We watched, from the walkway above, as Vason – wearing a black hoodie emblazoned with “local foreigner” in white capitals – marshalled the volunteers. The present-day Mayor, a woman called Jackie Mead, was stately in red cape and tricorn hat. Others were dressed in bright saris or black hijabs, or the uniform of the Coastwatch. There were dog walkers, toddlers in backpack-style carriers, a man in a wheelchair, a shy child in a yellow raincoat coaxed forward to stand where the two young girls of the original painting stand, straw hats and silk sashes, ushered on by their nursemaid. There was much laughter as a boat with volunteer refugees manoeuvred into exactly the right position: the maritime equivalent of a thirty-point three-point turn. Spirits were high: it was the sunniest day in weeks, the best of a long, dank autumn. At the last minute, my husband and I looked at each other and made our way down, into the throng.
At the time of writing, I haven’t yet seen Vason’s photograph, but when it is exhibited, the four of us will be in it, my daughter on my husband’s shoulders, my son in my arms, cheering for Folkestone, for safe havens, be the storms literal or metaphorical.
My husband’s grandmother, Renate Adriana Sophia Heckroth – though she changed her name to simply Nandi Heckroth – came to England as a refugee from Nazi Germany. Her father was a Communist, and had been briefly imprisoned for his political views; her mother was Jewish. Her parents left Germany in 1933, when it looked likely he would be imprisoned again, crossing the border to Holland on foot. They spent two years wandering around Europe seeking refuge, before settling in Dartington, Devon. When they sent for their now eight-year old daughter in 1935, she had to be smuggled out of Germany by her paternal aunt – the train to the Belgian border, and then a ferry from Zeebrugge, under an enormous coat, the family story goes, the aunt pretending she was heavily pregnant. Nandi settled quickly into school, and learned English; was by all accounts happy here, although it came at a price: she renounced Germany and all things German, refusing to speak the language or to teach it to her sons, refusing, even decades later, to have anything even German-made under her roof.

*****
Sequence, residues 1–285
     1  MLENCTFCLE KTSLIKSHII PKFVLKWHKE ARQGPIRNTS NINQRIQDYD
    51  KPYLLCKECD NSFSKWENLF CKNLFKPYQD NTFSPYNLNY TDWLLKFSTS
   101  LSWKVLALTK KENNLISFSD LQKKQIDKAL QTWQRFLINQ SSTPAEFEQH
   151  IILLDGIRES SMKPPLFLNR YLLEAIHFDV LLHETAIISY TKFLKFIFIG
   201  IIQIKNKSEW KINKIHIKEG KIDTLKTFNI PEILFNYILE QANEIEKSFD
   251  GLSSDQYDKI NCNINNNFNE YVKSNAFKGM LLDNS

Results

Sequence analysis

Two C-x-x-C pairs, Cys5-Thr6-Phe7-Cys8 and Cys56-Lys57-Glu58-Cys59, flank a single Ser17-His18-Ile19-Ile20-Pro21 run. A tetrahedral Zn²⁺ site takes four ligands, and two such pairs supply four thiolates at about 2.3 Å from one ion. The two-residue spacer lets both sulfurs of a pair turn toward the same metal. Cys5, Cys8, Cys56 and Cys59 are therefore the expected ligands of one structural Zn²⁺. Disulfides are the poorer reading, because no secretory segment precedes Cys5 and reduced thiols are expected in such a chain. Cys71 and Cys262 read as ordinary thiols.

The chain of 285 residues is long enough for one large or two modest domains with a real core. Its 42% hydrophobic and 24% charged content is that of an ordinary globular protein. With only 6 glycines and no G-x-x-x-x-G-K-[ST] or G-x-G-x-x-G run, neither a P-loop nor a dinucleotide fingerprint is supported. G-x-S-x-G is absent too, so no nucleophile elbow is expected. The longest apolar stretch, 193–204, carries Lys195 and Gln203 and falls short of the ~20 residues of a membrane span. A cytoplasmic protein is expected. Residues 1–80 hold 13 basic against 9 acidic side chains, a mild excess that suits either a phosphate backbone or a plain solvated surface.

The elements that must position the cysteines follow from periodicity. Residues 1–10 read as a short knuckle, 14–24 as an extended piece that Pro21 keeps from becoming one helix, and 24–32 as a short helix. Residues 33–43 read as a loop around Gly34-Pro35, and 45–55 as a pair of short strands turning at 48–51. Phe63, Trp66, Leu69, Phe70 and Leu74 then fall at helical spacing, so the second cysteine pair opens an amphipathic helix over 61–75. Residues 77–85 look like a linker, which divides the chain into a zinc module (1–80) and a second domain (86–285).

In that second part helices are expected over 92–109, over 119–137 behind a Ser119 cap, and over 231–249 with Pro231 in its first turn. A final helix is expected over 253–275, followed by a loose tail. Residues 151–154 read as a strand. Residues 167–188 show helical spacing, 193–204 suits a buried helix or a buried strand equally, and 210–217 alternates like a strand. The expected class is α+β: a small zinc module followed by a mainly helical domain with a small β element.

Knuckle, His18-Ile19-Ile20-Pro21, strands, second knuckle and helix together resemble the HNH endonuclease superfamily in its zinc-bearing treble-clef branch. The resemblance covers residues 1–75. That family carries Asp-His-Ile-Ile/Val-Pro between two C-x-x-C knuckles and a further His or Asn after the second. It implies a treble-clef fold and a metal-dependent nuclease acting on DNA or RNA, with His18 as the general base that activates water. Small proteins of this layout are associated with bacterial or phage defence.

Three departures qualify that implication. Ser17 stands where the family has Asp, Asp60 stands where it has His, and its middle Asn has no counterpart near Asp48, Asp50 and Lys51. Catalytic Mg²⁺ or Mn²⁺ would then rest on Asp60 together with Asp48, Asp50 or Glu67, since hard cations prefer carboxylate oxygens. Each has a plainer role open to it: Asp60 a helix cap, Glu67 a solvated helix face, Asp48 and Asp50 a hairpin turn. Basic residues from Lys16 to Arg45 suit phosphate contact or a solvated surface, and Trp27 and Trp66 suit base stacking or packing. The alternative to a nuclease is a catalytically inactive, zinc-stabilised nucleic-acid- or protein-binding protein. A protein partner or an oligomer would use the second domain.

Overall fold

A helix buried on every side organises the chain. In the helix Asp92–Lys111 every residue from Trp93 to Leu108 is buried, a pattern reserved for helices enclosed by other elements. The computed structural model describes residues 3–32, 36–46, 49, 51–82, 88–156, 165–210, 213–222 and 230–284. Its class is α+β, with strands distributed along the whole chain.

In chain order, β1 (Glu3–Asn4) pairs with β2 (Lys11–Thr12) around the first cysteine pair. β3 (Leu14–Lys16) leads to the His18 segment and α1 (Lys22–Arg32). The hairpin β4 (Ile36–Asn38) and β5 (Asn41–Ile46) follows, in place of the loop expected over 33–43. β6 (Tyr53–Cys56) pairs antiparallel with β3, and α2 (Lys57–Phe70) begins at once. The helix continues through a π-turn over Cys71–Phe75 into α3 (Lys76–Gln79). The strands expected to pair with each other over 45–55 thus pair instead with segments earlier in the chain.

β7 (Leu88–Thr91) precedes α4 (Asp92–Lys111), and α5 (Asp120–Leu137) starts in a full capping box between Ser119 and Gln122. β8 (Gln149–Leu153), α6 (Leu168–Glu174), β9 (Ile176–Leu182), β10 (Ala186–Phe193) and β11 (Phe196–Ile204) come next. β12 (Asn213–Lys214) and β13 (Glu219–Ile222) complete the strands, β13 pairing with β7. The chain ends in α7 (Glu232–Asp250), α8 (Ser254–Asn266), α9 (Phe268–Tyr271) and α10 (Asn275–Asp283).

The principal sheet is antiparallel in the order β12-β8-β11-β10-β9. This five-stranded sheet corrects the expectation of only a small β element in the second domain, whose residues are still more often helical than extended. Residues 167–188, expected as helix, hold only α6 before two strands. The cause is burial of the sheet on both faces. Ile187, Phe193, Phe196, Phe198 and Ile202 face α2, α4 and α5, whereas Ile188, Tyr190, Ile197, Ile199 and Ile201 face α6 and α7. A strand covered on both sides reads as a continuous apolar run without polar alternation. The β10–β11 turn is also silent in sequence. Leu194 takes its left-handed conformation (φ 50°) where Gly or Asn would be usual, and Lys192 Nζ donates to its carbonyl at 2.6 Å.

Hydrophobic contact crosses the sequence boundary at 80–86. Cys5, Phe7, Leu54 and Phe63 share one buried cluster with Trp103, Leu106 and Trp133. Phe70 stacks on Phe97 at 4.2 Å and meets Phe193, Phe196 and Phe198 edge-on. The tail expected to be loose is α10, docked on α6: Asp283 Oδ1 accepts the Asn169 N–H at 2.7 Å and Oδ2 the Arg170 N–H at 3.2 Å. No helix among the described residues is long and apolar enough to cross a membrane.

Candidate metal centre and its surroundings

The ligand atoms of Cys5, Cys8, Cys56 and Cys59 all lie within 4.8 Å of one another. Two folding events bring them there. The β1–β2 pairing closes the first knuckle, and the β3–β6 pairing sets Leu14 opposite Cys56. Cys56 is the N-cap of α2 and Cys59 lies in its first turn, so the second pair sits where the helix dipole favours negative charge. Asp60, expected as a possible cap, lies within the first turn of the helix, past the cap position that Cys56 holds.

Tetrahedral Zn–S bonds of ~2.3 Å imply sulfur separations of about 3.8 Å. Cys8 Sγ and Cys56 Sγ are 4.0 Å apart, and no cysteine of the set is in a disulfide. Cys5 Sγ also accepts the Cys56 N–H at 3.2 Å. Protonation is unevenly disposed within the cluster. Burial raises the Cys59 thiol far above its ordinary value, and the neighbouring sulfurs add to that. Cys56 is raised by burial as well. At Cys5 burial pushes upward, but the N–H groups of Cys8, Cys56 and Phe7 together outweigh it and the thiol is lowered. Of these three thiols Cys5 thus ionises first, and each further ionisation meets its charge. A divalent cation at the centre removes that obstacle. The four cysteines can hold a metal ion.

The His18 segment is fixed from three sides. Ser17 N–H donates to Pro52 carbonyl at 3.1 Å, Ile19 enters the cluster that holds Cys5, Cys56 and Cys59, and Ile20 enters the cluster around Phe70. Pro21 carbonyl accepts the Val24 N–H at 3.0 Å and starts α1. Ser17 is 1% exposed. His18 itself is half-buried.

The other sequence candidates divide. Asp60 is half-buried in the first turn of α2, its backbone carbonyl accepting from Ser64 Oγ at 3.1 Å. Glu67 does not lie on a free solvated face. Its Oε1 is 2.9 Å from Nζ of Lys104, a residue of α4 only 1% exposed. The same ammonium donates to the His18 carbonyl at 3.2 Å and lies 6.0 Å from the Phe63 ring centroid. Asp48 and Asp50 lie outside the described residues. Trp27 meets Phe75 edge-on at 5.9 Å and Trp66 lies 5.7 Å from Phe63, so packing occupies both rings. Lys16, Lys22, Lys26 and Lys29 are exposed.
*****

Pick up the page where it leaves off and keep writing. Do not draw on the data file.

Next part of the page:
My husband had recently learned that through this grandmother, under a policy designed to help the descendants of those who fled Germany in the face of persecution, he was eligible for German citizenship, and had started the application process for a passport. A German friend and colleague was helping him with the laborious bureaucracy. He was happy, or at least relieved, at the thought of no longer being the only one in our family not an EU citizen. When I asked him how he felt about being German he said that in a funny way he’d always felt Germanic – felt an affinity, at least.